- Analysis of Existing Infrastructure and Capacity: The immediate priority for India will be in identifying end users and population to be covered, analysis of the existing network and operators, identification of cities for the 5G roll out, working out an investment model, and minimisation of the digital risk and pricing based on the externalities and usage of various sectors.
- The deployment of 5G in India needs to be carefully planned after a cost benefit analysis by independent experts which will create a level-playing field through market mechanisms such as facilitating, simulating, auctioning, ensuring competition, functioning markets, etc.
- Sector-friendly Steps: As the deployment of 5G network is expensive, both the Central and State governments may need to consider measures which stimulate fibre investment, attract investment through public private partnerships (PPPs) and facilitate investment funds on a nominal interest basis.
- Allowing 100% foreign direct investment in the telecom sector under the automatic route along with other policy reforms augurs well for the sector to attract investment. Implementation of 5G requires huge investment and the relief package is a welcome step.
- Tax issues too: The Government needs to address information asymmetry and negative externalities through laws and regulations/taxes and subsidies.
- The deployment of 5G technology will also need the right of access to government infrastructure such as traffic lights, lamp posts, etc. where wireless operators can deploy electronic small cell apparatus.
- At the same time, reasonable fees may be charged by State and local governments to operators for affordable deployment of 5G equipment.
- Further, removing the tax burden for deploying fibre networks reduces associated costs, thereby promoting investment as was done by the Singapore government, could help in the smooth deployment of fibre in India.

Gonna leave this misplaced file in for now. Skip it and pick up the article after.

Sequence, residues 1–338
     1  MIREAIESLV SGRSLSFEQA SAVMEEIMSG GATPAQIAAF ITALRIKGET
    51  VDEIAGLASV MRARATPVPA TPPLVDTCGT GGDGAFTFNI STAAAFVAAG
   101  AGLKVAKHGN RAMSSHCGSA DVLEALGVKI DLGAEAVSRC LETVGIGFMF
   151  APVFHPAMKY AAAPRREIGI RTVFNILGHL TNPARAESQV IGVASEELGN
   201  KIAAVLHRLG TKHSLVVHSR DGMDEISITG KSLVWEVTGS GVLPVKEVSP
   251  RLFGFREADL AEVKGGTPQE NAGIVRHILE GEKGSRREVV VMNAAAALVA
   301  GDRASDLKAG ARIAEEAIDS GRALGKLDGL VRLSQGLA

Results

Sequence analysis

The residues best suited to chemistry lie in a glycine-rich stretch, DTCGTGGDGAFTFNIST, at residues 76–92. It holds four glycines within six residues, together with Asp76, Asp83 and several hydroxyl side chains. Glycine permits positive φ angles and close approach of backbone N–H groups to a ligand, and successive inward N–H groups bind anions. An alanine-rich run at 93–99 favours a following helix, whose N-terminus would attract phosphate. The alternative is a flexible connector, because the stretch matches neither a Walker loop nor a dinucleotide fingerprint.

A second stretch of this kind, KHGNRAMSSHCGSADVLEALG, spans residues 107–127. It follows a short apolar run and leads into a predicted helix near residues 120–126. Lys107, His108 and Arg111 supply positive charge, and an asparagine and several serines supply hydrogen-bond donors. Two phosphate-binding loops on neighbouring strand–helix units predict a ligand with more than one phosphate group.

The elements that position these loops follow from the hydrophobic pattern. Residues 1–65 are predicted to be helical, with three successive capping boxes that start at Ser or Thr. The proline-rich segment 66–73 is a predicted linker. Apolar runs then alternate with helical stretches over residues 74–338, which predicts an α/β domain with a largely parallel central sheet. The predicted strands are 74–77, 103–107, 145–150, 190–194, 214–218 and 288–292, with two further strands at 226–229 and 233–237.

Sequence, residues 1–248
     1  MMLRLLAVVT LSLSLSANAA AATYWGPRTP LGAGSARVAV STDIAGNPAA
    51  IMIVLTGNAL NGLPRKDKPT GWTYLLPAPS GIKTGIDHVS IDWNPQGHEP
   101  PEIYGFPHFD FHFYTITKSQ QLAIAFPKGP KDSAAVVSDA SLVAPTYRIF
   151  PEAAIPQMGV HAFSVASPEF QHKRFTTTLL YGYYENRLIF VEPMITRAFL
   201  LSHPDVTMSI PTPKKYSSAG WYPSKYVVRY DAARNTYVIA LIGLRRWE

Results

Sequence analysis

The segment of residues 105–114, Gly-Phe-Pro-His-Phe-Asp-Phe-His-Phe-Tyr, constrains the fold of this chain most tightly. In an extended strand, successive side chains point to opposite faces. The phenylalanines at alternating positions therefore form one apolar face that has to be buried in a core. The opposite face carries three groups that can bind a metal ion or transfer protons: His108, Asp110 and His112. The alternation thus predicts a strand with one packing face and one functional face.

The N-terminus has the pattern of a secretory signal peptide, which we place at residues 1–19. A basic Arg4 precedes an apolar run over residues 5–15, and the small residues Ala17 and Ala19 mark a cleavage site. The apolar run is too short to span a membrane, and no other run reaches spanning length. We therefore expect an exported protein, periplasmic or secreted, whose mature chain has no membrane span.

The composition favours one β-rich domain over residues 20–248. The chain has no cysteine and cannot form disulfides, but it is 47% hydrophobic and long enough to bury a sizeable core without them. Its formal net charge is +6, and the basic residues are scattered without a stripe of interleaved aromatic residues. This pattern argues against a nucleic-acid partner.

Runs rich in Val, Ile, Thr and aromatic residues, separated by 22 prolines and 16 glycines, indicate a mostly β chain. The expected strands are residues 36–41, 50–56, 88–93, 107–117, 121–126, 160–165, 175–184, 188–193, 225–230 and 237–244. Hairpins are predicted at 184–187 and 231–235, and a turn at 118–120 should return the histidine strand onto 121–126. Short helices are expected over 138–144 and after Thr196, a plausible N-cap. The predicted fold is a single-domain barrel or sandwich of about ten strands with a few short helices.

- Bridging the Rural-urban Gap: 5G can be deployed at different band spectrums and at the low band spectrum, the range is much longer which is helpful for the rural areas.
- Government’s Assistance: The government has complete control over the inputs. One of the key inputs of 5G is the band spectrum.
- By managing the design of the spectrums, the government can control the price to be paid by the people.
- The government shall support the telecom companies to roll out networks which are sustainable and affordable for the public.
- Tackling the Spectrum Pricing Issue: The government in recent times, has had two failed auctions. The latter failed to attract any bids in the 5G spectrum.
- The current proposals for the reserve price clearly suggest the need to change the prices in order to conduct a successful auction.
- The pricing will have to be worked out keeping in mind the financial stress in the sector and affordability of services.
- Enabling the Manufacturing Sector in India: As 5G starts taking shape in India, it is important to strengthen its domestic telecommunication manufacturing market so that it is not only the users of 5G in India, but also the manufacturers and providers of these technologies who will be able to make a mark in the global arena
- Viable Technology from Consumers’ Perspective: For widespread 5G deployment, it needs to become financially viable otherwise rural integration will remain a pipe dream.
- Also, the 5G technology has to be viable to the telecom operators too.
As India has already witnessed digital revolution even in its remotest areas due to cost-effective 4G technology, the use of 5G can play a vital role in enhancing this sector and also facilitating India’s goal to emerge as a manufacturing and innovation hub. The negative implication of 5G is furthering the ‘digital divide’. Therefore, Government policies should also focus on affordable coverage too.
Drishti Mains Question
The new generation mobile network has the transformative potential to provide a wide range of benefits to the Indian economy. In the light of the statement discuss the challenges confronting the 5G technology deployment.